An art deco chandelier is one of many quirky ornaments decorating the former Auburn Automobile headquarters.

Among the hundreds of vehicles is a large collection of trucks and engines built by International Harvester and Navistar; classic 1950s cars; muscle cars from the 1960s and 1970s, a real 1948 roadside restaurant moved inside the museum, and many prototypes and one-of-a-kind vehicles.

Also in the larger museum is the collection of the National Automotive & Truck Model & Toy Museum, with hundreds of toys and model cars, including a large display of vintage pedal cars.

Even the hood ornaments are works of art at the Auburn Museum.

Ford V-8 Foundation

The Early Ford V-8 Foundation built its national museum (www.fordv8foundation.org) in Auburn because of the other automotive museums already located there, said museum executive director Joshua Conrad.

The museum is dedicated to Ford vehicles from 1932 to 1953, which also reflect much of the art deco aesthetic of the era.

The centerpiece of the museum is a newly opened wing, including a section resembling a smaller version of the Ford Rotunda pavilion at the 1933 World’s Fair in Chicago. The original roundhouse was later moved to Ford headquarters in Dearborn, Michigan, where it served as the company’s reception center until it burned down in 1962.

A 1936 Ford Deluxe Convertible Sedan shines in the Ford Museum as it would have done in the showroom.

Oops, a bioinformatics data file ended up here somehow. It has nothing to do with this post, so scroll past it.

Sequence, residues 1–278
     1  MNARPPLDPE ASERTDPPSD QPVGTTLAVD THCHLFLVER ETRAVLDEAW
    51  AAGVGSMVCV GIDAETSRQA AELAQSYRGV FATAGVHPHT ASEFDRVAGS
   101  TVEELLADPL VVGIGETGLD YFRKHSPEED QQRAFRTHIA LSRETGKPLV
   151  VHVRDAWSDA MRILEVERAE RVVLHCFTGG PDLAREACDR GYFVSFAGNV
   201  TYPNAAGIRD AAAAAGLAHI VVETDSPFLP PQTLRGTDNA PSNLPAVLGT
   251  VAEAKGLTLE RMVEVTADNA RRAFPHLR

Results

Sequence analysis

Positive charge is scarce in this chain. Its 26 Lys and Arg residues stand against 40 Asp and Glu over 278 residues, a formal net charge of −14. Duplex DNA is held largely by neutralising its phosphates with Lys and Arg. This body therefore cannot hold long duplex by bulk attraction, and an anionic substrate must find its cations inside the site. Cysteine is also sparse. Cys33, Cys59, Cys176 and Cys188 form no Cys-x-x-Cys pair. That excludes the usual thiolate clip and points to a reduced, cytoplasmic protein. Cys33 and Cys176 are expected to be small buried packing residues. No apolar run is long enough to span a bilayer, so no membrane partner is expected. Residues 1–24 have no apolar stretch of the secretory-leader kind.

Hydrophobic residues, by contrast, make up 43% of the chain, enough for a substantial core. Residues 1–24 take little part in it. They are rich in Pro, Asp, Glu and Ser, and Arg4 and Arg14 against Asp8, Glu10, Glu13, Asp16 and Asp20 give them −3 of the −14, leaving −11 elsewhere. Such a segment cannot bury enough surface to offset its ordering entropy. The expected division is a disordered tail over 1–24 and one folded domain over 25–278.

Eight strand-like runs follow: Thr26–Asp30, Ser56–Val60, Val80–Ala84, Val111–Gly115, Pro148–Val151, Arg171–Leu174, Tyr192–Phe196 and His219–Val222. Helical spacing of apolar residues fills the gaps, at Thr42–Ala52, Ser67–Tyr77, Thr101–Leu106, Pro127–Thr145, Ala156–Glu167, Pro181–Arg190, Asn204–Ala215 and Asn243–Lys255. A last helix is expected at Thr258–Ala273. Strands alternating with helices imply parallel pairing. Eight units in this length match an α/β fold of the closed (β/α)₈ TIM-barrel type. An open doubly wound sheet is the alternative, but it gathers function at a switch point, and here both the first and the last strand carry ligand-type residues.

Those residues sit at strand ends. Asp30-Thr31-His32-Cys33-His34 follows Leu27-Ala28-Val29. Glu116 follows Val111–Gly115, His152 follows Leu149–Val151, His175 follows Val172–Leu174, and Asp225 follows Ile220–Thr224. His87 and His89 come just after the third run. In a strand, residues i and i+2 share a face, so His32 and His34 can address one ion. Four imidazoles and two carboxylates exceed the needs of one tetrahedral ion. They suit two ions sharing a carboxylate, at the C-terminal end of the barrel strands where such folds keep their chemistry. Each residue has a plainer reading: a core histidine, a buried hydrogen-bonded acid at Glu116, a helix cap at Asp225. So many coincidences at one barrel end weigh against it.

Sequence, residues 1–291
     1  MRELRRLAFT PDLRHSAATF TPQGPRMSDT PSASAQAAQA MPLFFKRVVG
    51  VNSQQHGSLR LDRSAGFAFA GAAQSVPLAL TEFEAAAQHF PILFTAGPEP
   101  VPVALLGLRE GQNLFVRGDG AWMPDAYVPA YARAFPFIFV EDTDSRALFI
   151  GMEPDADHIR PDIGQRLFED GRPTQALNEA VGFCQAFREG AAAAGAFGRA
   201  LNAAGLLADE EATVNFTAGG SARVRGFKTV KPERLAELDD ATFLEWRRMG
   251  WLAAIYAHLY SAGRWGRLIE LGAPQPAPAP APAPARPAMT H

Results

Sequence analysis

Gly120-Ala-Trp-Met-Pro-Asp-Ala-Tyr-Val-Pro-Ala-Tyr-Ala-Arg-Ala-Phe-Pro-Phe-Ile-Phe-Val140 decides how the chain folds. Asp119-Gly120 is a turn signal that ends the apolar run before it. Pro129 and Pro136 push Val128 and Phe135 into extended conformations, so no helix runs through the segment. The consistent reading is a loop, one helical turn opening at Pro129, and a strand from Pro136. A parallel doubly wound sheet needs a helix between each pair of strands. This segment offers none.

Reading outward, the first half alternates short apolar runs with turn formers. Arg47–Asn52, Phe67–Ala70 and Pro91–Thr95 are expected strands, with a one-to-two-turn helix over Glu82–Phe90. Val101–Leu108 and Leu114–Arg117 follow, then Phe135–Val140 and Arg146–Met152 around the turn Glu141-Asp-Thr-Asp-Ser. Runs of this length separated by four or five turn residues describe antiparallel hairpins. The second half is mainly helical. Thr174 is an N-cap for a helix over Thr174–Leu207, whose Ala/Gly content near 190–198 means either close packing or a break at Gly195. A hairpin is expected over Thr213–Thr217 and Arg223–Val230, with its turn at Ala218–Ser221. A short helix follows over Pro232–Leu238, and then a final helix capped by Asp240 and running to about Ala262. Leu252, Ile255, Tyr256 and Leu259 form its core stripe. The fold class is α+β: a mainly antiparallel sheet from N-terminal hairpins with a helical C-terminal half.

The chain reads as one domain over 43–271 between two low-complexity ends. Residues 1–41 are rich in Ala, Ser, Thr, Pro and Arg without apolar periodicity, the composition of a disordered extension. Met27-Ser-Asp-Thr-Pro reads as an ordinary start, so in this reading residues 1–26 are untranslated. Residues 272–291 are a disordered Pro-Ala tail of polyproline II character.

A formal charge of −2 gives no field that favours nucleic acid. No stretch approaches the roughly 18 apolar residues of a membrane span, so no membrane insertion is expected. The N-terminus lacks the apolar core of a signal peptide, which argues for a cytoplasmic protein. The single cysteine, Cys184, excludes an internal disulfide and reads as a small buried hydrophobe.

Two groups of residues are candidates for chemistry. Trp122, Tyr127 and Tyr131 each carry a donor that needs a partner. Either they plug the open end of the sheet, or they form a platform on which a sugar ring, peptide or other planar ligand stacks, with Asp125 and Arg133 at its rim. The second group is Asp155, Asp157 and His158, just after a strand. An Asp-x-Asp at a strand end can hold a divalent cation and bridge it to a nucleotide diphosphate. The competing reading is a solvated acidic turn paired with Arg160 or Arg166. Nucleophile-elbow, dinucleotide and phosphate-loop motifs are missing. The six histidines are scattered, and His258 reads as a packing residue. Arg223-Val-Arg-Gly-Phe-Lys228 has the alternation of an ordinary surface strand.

Today, the original Ford Rotunda marquee welcomes museum visitors. The interior of the new building replicates an upscale 1936 Ford dealership showroom and displays representatives of every Ford model for sale that year.

Visitors can even take a self-guided walk for a 1936 showroom experience, learning about features that were important to various buyers of the era and which vehicle would appeal to each buyer.

A father and son in a classic Ford campaign eyeing a 1953 beauty at the Ford Museum.

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Each vehicle, which looks as new as the day it left the factory, shines with an almost heavenly glow. The surfaces are so reflective that, without care, every photo a visitor takes of a vehicle could become an accidental selfie.

The museum includes several other exhibits and galleries, including a large collection of early Ford tractors.

Visitors who want even more vintage car experiences can schedule a visit to coincide with one of Auburn’s many automotive-focused events, such as the Third Thursday cruises held in Palace Square. DeKalb County Court.

This rainbow of classic Fords is one of many exhibits at the Ford Museum.

And the annual Auburn Cord Duesenberg Festival (www.acdfestival.org), held over Labor Day weekend, draws thousands of visitors from around the world to a wide variety of vintage automotive events, including parades, swap meetings, cruises and a large and renowned classic automobile auction.

For information on other things to see and do in Auburn and DeKalb County, visit www.visitdekalb.org.

Steve Stephens is a freelance travel writer and photographer. Email him at [email protected]